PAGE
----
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DuPage County divorce attorney child support

A divorce involves many issues that need resolving, especially when children are involved. When determining child support, the financial status of both parents is seriously considered. If the non-custodial parent is providing support, the child’s medical expenses may cause an additional financial burden. These additional expenses could cause the judge to lessen the amount of support given to the custodial parent. Whether you are the non-custodial or the custodial parent, it is important to consult with a skilled family law attorney if you have any questions or concerns regarding your child support payments.

Determining Support

Child support calculations can be incredibly complex. Within the state of Illinois, child support payments are usually paid by the non-custodial parent to the custodial parent to provide additional financial support for the child’s basic needs such as food and clothing. Payments can also be used to fund tuition, transportation, housing expenses, extracurricular activities, and medical care costs. These factors, as well as the net income of both parents, will be used to determine the amount of support the custodial parent will receive from the non-custodial parent. 

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DuPage County child support attorney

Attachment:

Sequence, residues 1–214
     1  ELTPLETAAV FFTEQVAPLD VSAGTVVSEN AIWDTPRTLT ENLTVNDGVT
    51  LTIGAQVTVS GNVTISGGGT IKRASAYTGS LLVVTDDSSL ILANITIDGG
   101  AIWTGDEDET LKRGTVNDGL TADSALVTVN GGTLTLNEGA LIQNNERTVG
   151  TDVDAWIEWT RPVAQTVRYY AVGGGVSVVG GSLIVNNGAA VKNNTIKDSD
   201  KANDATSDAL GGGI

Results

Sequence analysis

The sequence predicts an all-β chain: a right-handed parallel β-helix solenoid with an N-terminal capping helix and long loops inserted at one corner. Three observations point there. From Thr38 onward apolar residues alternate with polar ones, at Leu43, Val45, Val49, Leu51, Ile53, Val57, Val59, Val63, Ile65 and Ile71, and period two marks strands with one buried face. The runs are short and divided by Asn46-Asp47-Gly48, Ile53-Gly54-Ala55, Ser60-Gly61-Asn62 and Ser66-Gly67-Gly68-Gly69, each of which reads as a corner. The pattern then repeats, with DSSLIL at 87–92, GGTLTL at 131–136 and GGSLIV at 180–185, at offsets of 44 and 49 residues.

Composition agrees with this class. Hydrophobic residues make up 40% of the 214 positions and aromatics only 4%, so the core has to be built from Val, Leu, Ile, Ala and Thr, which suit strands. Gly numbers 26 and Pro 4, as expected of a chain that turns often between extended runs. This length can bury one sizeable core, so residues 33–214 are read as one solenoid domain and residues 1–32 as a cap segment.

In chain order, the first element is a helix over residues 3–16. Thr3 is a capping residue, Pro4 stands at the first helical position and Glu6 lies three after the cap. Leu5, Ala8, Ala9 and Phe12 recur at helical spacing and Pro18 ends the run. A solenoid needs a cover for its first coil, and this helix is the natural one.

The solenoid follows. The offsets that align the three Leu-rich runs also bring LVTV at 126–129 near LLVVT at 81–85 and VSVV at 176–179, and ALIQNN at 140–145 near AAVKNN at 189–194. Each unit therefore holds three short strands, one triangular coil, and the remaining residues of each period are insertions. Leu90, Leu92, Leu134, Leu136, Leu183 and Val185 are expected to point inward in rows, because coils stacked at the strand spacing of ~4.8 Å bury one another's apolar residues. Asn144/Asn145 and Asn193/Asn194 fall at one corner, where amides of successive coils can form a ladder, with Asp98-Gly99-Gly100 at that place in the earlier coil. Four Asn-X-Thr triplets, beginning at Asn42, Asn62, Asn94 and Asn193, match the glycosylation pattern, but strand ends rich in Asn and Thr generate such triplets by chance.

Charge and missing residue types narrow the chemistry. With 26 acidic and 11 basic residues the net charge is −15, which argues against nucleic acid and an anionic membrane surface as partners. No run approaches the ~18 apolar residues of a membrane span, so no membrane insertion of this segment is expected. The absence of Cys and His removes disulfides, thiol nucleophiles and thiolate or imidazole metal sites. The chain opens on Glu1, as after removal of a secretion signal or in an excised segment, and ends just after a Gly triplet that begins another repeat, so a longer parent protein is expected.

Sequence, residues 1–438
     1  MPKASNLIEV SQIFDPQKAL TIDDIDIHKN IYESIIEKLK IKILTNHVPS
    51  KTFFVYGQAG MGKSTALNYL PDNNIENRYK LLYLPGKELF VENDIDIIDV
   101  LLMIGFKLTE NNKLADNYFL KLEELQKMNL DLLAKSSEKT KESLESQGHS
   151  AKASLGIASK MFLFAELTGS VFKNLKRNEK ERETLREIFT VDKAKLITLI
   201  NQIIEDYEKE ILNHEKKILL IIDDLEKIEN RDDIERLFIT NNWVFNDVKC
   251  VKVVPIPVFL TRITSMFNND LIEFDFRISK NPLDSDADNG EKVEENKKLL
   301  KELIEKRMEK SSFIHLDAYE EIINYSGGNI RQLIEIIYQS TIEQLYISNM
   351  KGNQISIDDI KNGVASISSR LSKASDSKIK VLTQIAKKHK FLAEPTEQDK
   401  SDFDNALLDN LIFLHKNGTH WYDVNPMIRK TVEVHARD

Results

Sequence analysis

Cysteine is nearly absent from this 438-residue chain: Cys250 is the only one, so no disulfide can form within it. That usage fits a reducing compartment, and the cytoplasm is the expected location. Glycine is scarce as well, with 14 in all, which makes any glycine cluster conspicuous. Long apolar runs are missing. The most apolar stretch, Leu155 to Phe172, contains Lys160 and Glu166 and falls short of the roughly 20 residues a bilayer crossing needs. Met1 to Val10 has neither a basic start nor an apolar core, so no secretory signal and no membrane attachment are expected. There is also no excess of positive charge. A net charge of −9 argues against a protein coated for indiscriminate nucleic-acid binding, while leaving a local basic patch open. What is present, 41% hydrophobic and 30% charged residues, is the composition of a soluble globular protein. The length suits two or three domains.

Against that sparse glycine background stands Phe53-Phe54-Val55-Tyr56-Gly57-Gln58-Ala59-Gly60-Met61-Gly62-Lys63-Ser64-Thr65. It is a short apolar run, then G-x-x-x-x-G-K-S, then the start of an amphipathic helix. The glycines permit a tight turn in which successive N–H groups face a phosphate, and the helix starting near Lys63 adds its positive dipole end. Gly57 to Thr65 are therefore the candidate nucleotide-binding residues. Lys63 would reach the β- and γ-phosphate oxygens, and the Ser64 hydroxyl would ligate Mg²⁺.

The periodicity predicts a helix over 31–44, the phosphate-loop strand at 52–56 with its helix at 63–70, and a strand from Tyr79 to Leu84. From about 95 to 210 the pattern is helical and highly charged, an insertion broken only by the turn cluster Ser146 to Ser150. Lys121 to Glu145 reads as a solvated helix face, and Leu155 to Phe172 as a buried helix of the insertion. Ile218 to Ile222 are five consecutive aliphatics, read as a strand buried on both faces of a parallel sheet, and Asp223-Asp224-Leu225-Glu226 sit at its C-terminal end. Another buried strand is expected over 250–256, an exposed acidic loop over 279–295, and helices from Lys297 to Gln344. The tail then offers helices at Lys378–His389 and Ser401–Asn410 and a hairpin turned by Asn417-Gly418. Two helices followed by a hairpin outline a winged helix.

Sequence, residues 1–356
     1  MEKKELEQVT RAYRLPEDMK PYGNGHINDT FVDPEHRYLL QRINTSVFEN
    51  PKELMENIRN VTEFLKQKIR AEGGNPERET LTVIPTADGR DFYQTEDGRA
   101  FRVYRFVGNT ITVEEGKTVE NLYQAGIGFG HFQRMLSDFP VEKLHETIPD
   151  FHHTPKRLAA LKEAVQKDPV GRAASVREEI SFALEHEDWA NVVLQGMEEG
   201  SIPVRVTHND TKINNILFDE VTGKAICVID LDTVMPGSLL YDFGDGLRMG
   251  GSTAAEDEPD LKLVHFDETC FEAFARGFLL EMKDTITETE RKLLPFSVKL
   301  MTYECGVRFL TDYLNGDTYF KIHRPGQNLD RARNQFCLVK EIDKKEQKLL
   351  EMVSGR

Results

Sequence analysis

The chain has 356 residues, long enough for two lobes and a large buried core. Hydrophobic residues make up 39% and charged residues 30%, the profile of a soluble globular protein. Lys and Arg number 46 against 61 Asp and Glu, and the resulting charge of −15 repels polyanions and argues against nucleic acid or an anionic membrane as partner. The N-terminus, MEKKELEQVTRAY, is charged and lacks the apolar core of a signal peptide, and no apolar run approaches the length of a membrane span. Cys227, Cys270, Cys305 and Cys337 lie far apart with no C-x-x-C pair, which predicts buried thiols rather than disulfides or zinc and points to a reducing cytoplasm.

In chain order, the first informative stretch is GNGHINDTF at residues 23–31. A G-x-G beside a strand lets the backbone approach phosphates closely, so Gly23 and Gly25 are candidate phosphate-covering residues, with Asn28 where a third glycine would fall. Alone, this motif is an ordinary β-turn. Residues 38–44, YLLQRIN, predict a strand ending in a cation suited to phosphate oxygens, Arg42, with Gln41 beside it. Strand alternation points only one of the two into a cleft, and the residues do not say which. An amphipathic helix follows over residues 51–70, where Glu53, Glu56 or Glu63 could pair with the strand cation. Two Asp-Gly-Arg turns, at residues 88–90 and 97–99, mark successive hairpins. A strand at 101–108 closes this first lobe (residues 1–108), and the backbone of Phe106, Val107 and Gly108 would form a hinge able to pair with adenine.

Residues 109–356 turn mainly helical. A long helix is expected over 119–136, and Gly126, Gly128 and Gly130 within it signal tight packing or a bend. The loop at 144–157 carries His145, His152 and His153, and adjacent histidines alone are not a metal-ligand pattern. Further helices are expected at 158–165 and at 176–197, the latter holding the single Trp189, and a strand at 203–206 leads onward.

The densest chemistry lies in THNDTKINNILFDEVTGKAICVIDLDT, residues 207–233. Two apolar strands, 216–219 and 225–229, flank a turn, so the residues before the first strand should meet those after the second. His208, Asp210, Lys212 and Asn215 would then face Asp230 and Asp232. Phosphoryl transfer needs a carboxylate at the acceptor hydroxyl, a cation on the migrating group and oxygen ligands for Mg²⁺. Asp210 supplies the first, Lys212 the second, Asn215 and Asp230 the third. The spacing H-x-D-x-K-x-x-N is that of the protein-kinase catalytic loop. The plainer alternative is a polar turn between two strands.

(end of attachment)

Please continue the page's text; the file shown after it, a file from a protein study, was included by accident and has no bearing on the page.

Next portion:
During the COVID-19 pandemic, many businesses have had to lay off or terminate their employees for a period of time in an effort to stop the spread of the virus. Losing your job for any reason can be alarming, especially if you have children. Being unemployed can affect your finances, as well as your mental and emotional health. In addition, if you are a divorced parent, it can impact your ability to pay child support. In Illinois, child support is a legal order made as part of a divorce judgment, and the amount of child support payments is based on the needs of the children, as well as both parents’ financial situations. This type of support is meant to pay for children’s necessities, such as food and clothing. If you have recently lost your job, it is important to understand your rights and responsibilities regarding child support payments according to Illinois law.

What to Do if You Cannot Pay Child Support

Within the state of Illinois, you are required to follow the court's orders regarding payment of child support, regardless of your current circumstances. If you miss any payments while you are unemployed, you will still have to pay them at some point, and interest may be applied to past-due payments. Missing payments could result in significant penalties, including fines, the loss of your driver's license, or even jail time. To save yourself from potential legal trouble, you may be able to receive unemployment benefits that will allow you to meet your obligations, and you can take steps to modify your child support order based on your financial circumstances.